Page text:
John Ajvide Lindqvist's "Handling the Undead" gets off to a great start with a very compelling premise--what if the recently dead came back to life and didn't want to eat you--but doesn't quite deliver all the way through.
Oddly, this set up is even more horrifying than the conventional zombie story. Rather than flesh-eating, the undead here are soul-eating. As they attempt to return to their homes and mill about with minimal brain activity, Lindqvist's zombies force their loved ones to wrestle with what to do with them. Do you care for your undead relatives as the people they were, or do you ship them off to be cared for--or even disposed of--elsewhere.
The premise provides excellent points of insight into questions of grief and end-of-life care. At times, it even challenges conceptions of what life is or isn't.
Where the book goes wrong for me, however, is when Lindqvist tacks on additional supernatural phenomena. Not satisfied with this mass resurrection caused by some astronomical electrical disturbance, he throws in telepathic powers and a clear statement on the afterlife.
The undead, though not hungry for brains, somehow amplify the brain-waves of the living, kicking off a vague form of mind-reading and emotional amplification. I like the potential of this twist, but it seems to run counter to the realism that the book has established.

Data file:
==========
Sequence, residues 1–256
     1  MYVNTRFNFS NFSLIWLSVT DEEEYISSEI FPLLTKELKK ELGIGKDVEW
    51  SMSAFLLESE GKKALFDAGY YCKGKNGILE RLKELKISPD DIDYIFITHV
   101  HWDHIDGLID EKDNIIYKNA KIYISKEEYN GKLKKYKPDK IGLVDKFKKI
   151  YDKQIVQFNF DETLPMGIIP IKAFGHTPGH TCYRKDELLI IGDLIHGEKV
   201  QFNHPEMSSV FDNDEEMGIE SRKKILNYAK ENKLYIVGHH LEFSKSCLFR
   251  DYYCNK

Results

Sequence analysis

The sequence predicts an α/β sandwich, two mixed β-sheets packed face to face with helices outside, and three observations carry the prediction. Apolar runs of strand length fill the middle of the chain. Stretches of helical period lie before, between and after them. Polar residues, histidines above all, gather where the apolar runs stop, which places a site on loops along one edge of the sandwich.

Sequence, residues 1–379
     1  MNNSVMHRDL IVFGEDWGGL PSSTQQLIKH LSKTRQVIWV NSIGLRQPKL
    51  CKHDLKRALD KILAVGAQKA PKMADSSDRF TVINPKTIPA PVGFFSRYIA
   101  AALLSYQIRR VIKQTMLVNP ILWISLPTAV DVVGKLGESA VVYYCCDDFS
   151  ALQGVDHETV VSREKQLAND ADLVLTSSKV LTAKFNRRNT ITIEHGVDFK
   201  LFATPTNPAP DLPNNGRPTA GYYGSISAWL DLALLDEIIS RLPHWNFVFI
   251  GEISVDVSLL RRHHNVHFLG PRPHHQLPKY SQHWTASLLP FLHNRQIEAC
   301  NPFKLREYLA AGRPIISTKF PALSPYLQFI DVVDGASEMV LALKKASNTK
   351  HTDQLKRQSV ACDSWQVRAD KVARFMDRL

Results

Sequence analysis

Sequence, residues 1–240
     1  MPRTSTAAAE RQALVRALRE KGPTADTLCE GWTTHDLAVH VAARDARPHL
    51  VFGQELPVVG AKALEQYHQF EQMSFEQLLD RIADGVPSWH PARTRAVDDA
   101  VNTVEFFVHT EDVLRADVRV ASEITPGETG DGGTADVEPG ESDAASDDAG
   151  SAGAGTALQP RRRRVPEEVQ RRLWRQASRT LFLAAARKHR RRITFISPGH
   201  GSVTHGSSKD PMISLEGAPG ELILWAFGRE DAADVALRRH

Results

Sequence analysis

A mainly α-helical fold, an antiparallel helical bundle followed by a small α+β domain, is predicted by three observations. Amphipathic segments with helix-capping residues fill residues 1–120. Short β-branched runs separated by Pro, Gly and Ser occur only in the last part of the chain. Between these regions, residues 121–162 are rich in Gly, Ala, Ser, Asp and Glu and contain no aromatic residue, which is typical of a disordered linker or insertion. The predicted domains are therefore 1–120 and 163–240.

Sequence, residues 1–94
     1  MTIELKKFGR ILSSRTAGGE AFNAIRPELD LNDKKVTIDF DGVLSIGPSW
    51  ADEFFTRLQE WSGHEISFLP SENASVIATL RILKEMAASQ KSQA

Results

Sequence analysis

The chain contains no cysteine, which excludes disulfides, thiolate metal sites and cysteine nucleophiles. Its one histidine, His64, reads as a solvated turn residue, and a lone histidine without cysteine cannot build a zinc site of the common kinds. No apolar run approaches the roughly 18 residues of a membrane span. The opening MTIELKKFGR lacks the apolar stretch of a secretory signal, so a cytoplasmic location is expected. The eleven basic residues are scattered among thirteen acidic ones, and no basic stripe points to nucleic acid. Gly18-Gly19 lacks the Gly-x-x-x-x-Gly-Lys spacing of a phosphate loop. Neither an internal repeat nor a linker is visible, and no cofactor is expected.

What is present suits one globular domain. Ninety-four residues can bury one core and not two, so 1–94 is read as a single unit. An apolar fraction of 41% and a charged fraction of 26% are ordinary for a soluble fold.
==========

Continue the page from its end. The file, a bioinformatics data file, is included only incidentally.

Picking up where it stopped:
I know, how realistic can it be when people are rising from the dead? I get that, but I feel that when you're working in what I'll call the realistic-supernatural genre rather than pure fantasy or horror, you get one thing. You can create one thing that veers from reality as we know it, and then the heart of your story becomes dealing with that one thing in a world that is otherwise identical to our own. This creates the tension at the heart of these stories. It creates that feeling that, hey, this isn't like the movies, kids--this is what really happens when the dead come back to life. "Handling the Undead" definitely has that early on, but the telepathy element starts to stretch things.
I could live with this, however, if it weren't for what I feel was the book's big failing--making a definitive statement on the afterlife. For my money, unless the afterlife is your one thing--see, for instance "The Lovely Bones"--you can't make a clear statement on the afterlife in your realistic supernatural story. I'm not sure why this is such a deal breaker--maybe it's just personal taste--but whenever an author does this, it just rings very hollow to me. Further, when it becomes a major element of the plot--as it does here--it just seems like cheating.
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